Is it time to move all your computing to the cloud? There needs to be more certainty surrounding the actual benefits and drawbacks of cloud computing and its regulation in the UK. We’ve done all the reading for you, and we’re ready to discuss the advantages and disadvantages of cloud computing and its regulations in the UK. Here’s what you need to know before searching for business cloud services with a managed cloud computing company.
Cloud Computing and Business Cloud Services
The term “cloud computing” refers to a certain kind of internet computing in which shared networked computers are used rather than dedicated hardware. When the cloud’s resources are more extensive and distributed over a wider internet pool, more people may access the cloud at once. Although there are several flavours of cloud computing, they all rely on pooling resources from a central database for greater efficiency.
Applications, computer software, and an internet network are all examples of resources that people may pool together for business cloud services. The most common forms of cloud collaboration include pooling resources like data storage and processing. Online employees often resort to the cloud to get their job done, which lacks this functionality on local PCs.
Advantages Of Cloud Computing
Cloud computing can provide significant advantages to enterprises. However, despite the many benefits, there are a few downsides. Take the time to learn the numerous benefits and drawbacks of cloud computing and make the most of your company’s technology, regardless of which cloud platform you pick.
- Cloud computing is very cost-effective, which is one of the primary reasons businesses use cloud services
- Because the cloud service provider handles everything, there’s no need to spend money on things like infrastructure updates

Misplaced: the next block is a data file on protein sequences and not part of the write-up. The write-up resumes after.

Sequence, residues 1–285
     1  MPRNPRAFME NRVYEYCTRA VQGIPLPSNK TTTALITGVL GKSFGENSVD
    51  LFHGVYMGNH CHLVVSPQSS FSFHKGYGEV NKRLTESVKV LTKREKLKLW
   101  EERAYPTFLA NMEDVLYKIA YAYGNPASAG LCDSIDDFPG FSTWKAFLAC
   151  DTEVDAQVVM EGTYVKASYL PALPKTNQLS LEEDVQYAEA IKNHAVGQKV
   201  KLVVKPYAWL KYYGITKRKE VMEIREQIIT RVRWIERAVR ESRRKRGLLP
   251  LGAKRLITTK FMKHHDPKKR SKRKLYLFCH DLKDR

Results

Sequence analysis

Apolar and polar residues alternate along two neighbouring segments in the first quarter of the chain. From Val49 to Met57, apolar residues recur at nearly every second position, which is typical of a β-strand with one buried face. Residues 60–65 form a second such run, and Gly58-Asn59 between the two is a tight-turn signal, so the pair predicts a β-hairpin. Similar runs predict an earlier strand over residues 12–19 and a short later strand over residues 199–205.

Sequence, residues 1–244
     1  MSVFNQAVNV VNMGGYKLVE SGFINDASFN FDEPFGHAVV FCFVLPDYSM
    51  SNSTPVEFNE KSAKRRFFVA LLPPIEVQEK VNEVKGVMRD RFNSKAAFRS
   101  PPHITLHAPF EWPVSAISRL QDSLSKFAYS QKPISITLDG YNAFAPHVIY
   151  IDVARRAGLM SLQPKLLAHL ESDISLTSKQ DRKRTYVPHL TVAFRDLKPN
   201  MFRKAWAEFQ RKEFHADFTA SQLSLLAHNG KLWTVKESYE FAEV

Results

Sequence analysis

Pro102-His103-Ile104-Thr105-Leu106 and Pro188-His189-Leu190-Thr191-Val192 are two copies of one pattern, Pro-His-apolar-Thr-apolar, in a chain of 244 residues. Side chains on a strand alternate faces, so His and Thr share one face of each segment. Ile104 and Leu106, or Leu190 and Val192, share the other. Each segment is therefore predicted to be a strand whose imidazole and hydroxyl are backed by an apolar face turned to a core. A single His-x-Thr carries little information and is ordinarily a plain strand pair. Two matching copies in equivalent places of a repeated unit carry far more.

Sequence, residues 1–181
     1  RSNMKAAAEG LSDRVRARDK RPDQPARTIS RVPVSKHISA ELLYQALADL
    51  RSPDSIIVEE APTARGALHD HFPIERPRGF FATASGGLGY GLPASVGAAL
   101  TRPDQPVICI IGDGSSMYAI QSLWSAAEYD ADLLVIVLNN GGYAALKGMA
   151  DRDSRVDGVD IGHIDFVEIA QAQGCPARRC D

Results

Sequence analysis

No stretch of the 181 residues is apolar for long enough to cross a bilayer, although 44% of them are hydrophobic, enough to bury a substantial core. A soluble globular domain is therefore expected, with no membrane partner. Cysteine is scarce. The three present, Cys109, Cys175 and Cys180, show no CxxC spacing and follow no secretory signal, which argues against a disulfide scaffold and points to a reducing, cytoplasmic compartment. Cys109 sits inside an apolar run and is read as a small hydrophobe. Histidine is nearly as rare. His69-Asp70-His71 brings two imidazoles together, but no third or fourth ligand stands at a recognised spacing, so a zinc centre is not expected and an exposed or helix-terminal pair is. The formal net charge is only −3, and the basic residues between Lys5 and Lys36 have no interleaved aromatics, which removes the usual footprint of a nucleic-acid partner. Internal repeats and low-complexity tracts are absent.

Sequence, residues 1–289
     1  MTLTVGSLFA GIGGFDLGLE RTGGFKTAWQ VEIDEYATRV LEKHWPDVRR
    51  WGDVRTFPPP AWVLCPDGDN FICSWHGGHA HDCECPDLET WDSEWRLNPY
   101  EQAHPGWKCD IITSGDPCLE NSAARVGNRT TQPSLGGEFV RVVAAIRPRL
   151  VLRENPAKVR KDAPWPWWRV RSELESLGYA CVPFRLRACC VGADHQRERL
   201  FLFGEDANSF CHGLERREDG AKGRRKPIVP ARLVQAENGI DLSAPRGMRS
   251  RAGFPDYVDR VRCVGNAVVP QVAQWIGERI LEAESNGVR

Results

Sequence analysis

- Hardware is costly and will ultimately become obsolete; however, cloud storage enables the provider to manage quickly and efficiently
- Because cloud storage does not rely on internal power, there are additional benefits from reduced energy use
- Because cloud storage is expandable, you only pay for the amount of storage you need as your company grows
- A cloud solution is also ideal for companies that need access to their data from anywhere
- Furthermore, cloud storage companies put a great value on the dependability of their services, emphasising that downtime is quite unusual
Disadvantages Of Business Cloud Services
While it is undeniable that cloud computing has transformed how we access data and will probably continue to do so in the years ahead, it is not without drawbacks. In reality, many of the cloud’s advantages might become disadvantages in the worst-case situation.
Cloud outages are common. Amazon Web Services, for example, has had many failures in recent years. Storms in Sydney in June 2016 and the subsequent power loss caused the breakdown of servers hosting critical workloads for numerous significant enterprises, resulting in around 10 hours of downtime. Another AWS outage in 2017 allegedly cost publicly listed corporations $150 million. Even if you’re guaranteed 99.9% uptime, that’s still many hours or even days of downtime yearly.
Similarly, although it’s nice that you can view your data from any place with an internet connection, it’s not beneficial if you don’t have one for whatever reason. Broadband disruptions are inconvenient for organisations that save their data locally. Still, they may be disastrous if you store your data in the cloud. Furthermore, if you work with enormous files, such as 4K films, you must ensure that you have a suitably fast connection.